TWO communities in the Inverness area are celebrating a £1.3 million windfall for ambitious projects to regenerate their areas.
Long-held plans to develop an outdoor social and training centre and a cafe on a derelict site next to the Caledonian Canal at Merkinch have been given an £850,000 boost while the rural community of Strathdearn has secured £500,000 towards a £2.5 million complex featuring sports facilities, a community-run shop and a cafe at Tomatin.
The money has been awarded by the Scottish Government’s regeneration capital grant fund which supports community projects in disadvantaged and rural areas to tackle inequality and support inclusive growth.
Merkinch community leaders are delighted plans for the outdoor hub on a brownfield site in Carsegate Road have taken a step forward.
Led by Scottish Canals in partnership with Highland Council, the project arose from a broader consultation four years ago with residents in Merkinch, South Kessock and Muirtown about how their areas could develop.
Christopher Breslin, head of regeneration and development at Scottish Canals, said since then the organisation had been working to secure funds.
"This grant means that we can now get much more involved with local groups and the community to make the project a real success," he said.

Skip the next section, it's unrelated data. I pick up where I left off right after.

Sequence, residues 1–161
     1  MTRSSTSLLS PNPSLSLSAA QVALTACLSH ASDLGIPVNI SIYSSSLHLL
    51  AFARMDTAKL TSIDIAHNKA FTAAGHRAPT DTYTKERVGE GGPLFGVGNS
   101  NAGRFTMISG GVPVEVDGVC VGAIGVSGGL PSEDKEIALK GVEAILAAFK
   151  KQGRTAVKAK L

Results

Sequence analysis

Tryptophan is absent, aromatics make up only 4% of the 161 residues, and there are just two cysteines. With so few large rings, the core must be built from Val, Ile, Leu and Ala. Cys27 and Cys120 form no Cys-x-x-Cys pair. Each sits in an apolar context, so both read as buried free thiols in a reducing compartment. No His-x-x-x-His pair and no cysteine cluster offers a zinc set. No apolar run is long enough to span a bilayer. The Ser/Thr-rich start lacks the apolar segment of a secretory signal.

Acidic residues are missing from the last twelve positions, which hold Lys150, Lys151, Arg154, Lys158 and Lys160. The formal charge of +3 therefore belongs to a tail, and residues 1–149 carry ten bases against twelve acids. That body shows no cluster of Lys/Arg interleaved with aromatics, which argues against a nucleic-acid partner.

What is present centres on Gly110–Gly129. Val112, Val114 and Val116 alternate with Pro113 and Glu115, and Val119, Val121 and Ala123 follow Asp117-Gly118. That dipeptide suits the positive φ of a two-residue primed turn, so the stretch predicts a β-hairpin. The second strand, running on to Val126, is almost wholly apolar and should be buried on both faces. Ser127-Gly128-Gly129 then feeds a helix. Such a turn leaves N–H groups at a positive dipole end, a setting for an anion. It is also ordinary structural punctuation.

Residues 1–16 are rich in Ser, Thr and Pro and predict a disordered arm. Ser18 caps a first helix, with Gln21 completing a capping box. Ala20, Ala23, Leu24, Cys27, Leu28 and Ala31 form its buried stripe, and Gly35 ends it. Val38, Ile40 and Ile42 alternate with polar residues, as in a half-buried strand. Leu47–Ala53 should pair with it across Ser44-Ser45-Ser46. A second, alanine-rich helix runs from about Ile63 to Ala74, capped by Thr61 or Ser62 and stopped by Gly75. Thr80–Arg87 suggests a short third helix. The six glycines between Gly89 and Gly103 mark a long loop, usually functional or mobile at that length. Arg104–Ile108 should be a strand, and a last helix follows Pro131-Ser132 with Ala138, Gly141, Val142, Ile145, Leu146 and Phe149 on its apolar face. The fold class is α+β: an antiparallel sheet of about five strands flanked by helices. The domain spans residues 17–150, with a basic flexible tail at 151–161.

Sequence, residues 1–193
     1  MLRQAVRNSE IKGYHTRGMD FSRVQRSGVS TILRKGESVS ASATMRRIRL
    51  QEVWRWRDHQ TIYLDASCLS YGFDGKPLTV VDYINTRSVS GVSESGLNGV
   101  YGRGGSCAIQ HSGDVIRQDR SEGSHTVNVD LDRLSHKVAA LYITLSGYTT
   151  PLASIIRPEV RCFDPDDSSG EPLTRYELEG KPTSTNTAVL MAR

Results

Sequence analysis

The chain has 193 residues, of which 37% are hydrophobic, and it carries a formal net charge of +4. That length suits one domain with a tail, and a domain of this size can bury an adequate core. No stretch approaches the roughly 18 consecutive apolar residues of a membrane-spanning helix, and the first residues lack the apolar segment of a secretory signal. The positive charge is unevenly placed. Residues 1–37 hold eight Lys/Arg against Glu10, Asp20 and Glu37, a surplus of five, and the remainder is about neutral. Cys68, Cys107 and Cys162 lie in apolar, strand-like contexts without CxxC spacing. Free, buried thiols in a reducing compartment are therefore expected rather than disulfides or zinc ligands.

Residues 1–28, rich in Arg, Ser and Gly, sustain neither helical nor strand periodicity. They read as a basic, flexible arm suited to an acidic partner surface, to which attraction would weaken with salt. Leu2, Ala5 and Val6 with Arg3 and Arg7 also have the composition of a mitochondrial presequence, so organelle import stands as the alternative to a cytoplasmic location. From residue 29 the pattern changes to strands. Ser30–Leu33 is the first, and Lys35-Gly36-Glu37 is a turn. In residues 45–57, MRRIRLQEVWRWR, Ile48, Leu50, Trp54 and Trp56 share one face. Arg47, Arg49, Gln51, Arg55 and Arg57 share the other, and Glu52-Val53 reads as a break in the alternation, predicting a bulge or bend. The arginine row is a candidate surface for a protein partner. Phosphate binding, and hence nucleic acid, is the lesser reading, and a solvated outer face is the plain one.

"The creation of this outdoor hub will bring new activities to the area, connect local people with the opportunities offered by the water, encourage them to get active and create a vibrant outdoor hub that will deliver lasting benefits for the people of Inverness."
It will also provide the Inverness Sea Scouts with a new base to replace their currently decaying building and talks have also been held with other groups including the local canoe club, Merkinch Men’s Shed, South Kessock Residents’ Association and a cycling social enterprise. It is hoped it will generate new jobs.
Mr Breslin said that during the public consultation youngsters had highlighted the lack of facilities, including a cafe.
"They said there was nowhere to go for a coffee and cake," he said. "This will give people somewhere to go if they have been for a walk along the canal."
Further community consultations will take place and it is hoped the project will come to fruition by the end of next year – depending on further funding.
Inverness Central councillor Bet McAllister welcomed this week’s funding announcement.
"It is going to do so much for the people of the area," she said. "Having a cafe there for people walking along the canal will be brilliant."
The Tomatin project is led by Strathdearn Community Developments (SCD).
The complex will provide a place for community council and SCD meetings and be available for weddings, ceilidhs, fitness clubs, a gardening and natural history club and other local groups. It will also showcase local food and drink, arts and crafts and traditional music events.
SCD chairman Richard Cooling hoped work would start in early summer for a 2019 opening.
"With a thriving primary school and young families moving into the area, healthy visitor numbers at Tomatin Distillery and improvements to the A9, the project will really make Strathdearn one to watch," he said.